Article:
A Critical Review of "Debt: The First 5,000 Years" by David Graeber

David Graeber's "Debt: The First 5,000 Years" is an expansive, thought-provoking examination of the role of debt throughout human history, challenging conventional economic theories and highlighting its moral and social impacts.


David Graeber’s “Debt: The First 5,000 Years” is a seminal work that explores the concept of debt beyond its economic dimensions, delving into its historical, social, and moral implications. Graeber, an anthropologist by profession, embarks on a journey through history to trace the origins and transformations of debt, debunking the traditional economic notion that currency evolved from barter systems. Instead, he presents an argument that debt and credit systems preceded the advent of coinage, fundamentally shaping human societies and interactions.

The book begins with a discussion on the confusion surrounding the concept of debt, highlighted by the moral contradictions people face regarding the obligation to repay debts and the disdain for those who facilitate such debts. Graeber meticulously unravels the historical contexts in which debt has played a pivotal role, from ancient societies to the present day, illustrating how debt has been a central force in human relationships, power dynamics, and social structures.

One of the book’s core arguments is the challenge to the myth of barter, which Graeber argues is a historical inaccuracy. Instead of a simple progression from barter to money to credit, he suggests that credit systems have been in place long before the invention of money. This assertion not only questions the foundations of economic theory but also implies that debt and credit are intrinsically linked to the social fabric and moral obligations of communities.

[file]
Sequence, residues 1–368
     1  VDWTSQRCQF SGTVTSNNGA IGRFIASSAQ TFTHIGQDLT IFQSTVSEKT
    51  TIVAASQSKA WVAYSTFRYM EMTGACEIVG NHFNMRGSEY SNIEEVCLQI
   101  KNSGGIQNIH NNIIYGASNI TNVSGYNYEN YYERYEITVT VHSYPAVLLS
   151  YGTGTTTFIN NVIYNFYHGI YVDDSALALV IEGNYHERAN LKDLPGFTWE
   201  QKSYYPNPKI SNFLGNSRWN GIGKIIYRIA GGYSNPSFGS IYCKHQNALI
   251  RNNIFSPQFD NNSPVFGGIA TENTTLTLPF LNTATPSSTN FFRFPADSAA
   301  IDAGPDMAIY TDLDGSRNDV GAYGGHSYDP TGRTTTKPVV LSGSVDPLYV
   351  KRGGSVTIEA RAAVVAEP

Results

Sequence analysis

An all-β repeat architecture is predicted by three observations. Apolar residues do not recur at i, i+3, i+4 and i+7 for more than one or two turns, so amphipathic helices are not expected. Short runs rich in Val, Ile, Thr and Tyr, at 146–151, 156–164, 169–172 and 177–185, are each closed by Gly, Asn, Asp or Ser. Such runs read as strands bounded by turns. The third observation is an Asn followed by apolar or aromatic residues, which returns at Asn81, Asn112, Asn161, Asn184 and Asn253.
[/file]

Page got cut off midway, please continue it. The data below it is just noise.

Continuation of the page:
Graeber also explores the moral implications of debt, particularly the way societies have justified unequal power relations through the moral obligation to repay debts. He discusses various historical instances where debt has been used as a tool of oppression and control, from the enslavement of individuals unable to repay debts to the imposition of crippling debt on conquered nations. Through these discussions, Graeber highlights the deep moral conflicts at the heart of debt relations, challenging readers to reconsider their own perceptions of debt, guilt, and responsibility.

The book further delves into the impact of debt on global politics and economics, examining how the debt of developing countries serves as a modern form of imperial control. Graeber critiques international financial institutions like the International Monetary Fund (IMF) and the World Bank, arguing that their policies perpetuate a cycle of debt and dependency that undermines the sovereignty and economic stability of poorer nations.

In addition to its historical and economic analyses, “Debt: The First 5,000 Years” stands out for its interdisciplinary approach, weaving together anthropology, history, economics, and philosophy. Graeber’s narrative is both accessible and engaging, filled with anecdotal evidence, historical documents, and theoretical insights that enrich the reader’s understanding of debt as a complex and multifaceted phenomenon.

Comparative Analysis:

Compared to similar works, such as Niall Ferguson’s “The Ascent of Money,” Graeber’s book offers a more critical and anthropological perspective on the history of debt. While Ferguson focuses on the evolution of financial institutions and the role of money in shaping world events, Graeber delves into the social and moral dimensions of debt, offering a critique of the very foundations upon which economic systems are built.


“Debt: The First 5,000 Years” is a groundbreaking work that challenges conventional wisdom about debt, money, and economic history. It offers a profound critique of the current global economic system, highlighting the need for a reevaluation of the moral and social implications of debt. Graeber’s book is not only a significant contribution to economic anthropology but also a compelling call to rethink the values and structures that underpin our financial systems.

For readers interested in exploring similar themes, works like “Capital in the Twenty-First Century” by Thomas Piketty and “The Great Transformation” by Karl Polanyi are recommended for their insightful analyses of economic history and the social implications of financial systems.